There are a lot of things that can be drawn from this passage: I could talk about the concept of fathering, in the way Paul took Timothy under his care; about freedom, based on the ‘unnecessary’ circumcision of Timothy, or about not giving unnecessary offence, based on the same verses. Then the faithful praying women of Philippi, who are an example to all of us. However the one thing that stands out to me in these 15 verses is the theme of guidance (getting God’s direction for your life).
Have you ever come across someone who said: “God did not tell me to do …, therefore I won’t?” I have heard that about doing set-up on Sunday, about coming to Life Group, and a whole range of other things that in my opinion are part of belonging to church family. Often comments like that are based on a passage like this, or better: on a selective, incomplete, and out of context reading of a passage like this, for as we’ll see in a minute Paul acts very differently to this. One of the verses on guidance that has helped me most is Isaiah 30:21 “And your ears shall hear a word behind you, saying, ‘This is the way, walk in it,’ when you turn to the right or when you turn to the left.” In short it tells us that when we stray from the way we should be walking (be it to the left or the right), then we will hear His voice reminding us that this is the way, and we shouldn’t stray from it. This encourages us to keep moving, and trust God to guide us when we stray.
Paul and his company follow a very similar strategy to guidance. Let’s have a paraphrased look at it:
They are on mission trip because they know that God wants everyone to hear the gospel, and because they know that Jesus’ blood can set anyone free. I know it doesn’t specifically say that here, but other passages very clearly show us that it is good to start off with living by God’s general revelation (like “love one another”, or “God desires all men to be saved”, or “do not neglect to meet together”, etc., etc.).
v.2: When Paul gets to Lystra he meets Timothy and sees so much potential in him he wants him to join them on their mission trip. Notice the Bible doesn’t say anything about praying about it, or even Holy Spirit speaking to him about it. It simply says: “Paul wanted Timothy to accompany him”. So how does he know this is OK? I think there are a few simple checks in a situation like this: Is it sinful? Does it go against, or interfere with, something God has told you to do? Is it beneficial (for both yourself and the other person)? These questions will help you stay on the right path. Remember God gave you a brain, and He expects you to use it.
v.13: The group goes and finds a place of prayer. Why? Because it is their habit to do so. Every time they are in a new town they start off at the synagogue, there isn’t one in Philippi, so they go where there most likely is a place of prayer. Habits can be very powerful, wrong habits are often hard to break, but good habits help us enormously in staying on the right path. I would like to encourage you to develop good habits, just don’t get overly legalistic about them (once you have solidly developed them). Good habits will help you navigate life when things get hard or difficult to understand.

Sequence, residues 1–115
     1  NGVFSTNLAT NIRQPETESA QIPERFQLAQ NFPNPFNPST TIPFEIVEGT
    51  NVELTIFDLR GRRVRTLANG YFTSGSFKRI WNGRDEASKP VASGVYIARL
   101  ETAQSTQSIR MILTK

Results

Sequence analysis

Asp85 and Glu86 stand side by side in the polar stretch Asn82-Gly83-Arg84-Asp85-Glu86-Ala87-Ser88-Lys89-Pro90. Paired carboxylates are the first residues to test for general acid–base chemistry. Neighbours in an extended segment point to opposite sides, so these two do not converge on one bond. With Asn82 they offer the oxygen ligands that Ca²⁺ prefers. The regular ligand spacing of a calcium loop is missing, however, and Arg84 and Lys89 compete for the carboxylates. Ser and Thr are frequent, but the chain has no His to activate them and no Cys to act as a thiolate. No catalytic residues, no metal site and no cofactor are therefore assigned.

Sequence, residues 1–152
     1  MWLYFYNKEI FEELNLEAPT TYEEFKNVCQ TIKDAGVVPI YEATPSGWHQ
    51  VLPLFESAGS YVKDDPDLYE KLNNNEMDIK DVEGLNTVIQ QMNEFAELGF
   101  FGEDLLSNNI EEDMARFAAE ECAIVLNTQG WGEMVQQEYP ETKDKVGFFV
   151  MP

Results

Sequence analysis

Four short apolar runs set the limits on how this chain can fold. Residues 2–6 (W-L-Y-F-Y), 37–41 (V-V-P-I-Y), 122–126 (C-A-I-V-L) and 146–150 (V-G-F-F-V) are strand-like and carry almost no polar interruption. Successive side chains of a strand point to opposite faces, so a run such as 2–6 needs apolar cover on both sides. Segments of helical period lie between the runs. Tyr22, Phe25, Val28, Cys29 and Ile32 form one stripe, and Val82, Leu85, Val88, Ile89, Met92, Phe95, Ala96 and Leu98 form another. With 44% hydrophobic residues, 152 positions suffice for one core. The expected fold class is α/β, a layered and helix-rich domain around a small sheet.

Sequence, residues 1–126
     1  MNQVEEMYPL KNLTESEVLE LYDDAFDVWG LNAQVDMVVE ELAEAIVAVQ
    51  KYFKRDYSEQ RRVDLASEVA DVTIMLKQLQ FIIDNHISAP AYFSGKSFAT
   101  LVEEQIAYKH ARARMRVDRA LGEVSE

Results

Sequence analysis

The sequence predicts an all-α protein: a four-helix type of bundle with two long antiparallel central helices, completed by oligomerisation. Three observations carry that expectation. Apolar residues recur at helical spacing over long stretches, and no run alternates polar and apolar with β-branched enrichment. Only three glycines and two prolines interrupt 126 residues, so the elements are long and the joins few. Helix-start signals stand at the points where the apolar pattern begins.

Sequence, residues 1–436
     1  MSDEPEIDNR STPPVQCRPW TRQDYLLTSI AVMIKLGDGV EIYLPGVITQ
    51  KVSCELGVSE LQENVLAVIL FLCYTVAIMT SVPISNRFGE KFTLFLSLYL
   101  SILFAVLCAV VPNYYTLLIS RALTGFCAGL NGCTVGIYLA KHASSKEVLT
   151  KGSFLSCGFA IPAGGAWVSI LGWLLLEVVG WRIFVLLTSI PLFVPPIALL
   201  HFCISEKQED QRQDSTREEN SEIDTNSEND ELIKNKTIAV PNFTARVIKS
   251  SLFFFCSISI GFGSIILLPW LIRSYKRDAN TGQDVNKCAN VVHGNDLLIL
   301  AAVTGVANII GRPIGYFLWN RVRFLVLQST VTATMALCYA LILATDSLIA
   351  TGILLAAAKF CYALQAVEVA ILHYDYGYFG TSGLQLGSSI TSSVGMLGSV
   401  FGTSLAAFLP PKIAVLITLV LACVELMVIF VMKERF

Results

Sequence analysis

v.18: Lydia urged them, and prevailed upon them. Sometimes guidance comes via someone else’s desire. Again apply the checks of the first point here, but don’t simply dismiss it.
As you’ve probably noticed I have skipped verses 6-10. And I left them to the last very much on purpose, not because they are more important, or more ‘spiritual’, which they aren’t, but this is where people often have doubts, or where they can take things out of context. The earlier mentioned ways of ‘guidance’ are completely valid, however often Holy Spirit speaks to us very specifically, and always for things we were not to know in the natural. We can split what He says into two categories: ‘Yes’ and ‘No’. Let’s have a look at v.6-10.
v.6-7: In these verses we see Holy Spirit stopping them from going places and doing things. It is not that going to Asia was sinful, or that Bythinia did not need to hear the gospel. I would say that the opposite is true. In this case the tests mentioned before would have failed them, however they were listening to the Spirit and realised that God had other things for them. (Things that would not come to pass following their natural habits and desires.) Notice that Holy Spirit does not tell them where to go next, He just says “No”, so they move in a different direction, but they don’t stop. Even when things are made this clear by the Spirit, it still requires them to use their brains, and follow either previous direction, or their own (tested) desires.
v.9-10: Sometimes guidance is such a clear ‘Yes’, you just can’t get around it. Paul gets a vision, though note that he still needs to interpret it – “concluding that God had called us to preach the gospel to them.” Admittedly it wasn’t hard to come to that conclusion.
Guidance is often about living by good habits and tested desires, while allowing God to change our plans at any time, either by stopping us, by giving us new direction, or by prompting us to do things we would not otherwise have done. It is not one or the other, but both at the same time; both are equally important. Live holy lives guided by the general revelation of His desires and goodness, and at the same time stay tuned in to Holy Spirit for those life changing supernatural encounters. That is supernatural living.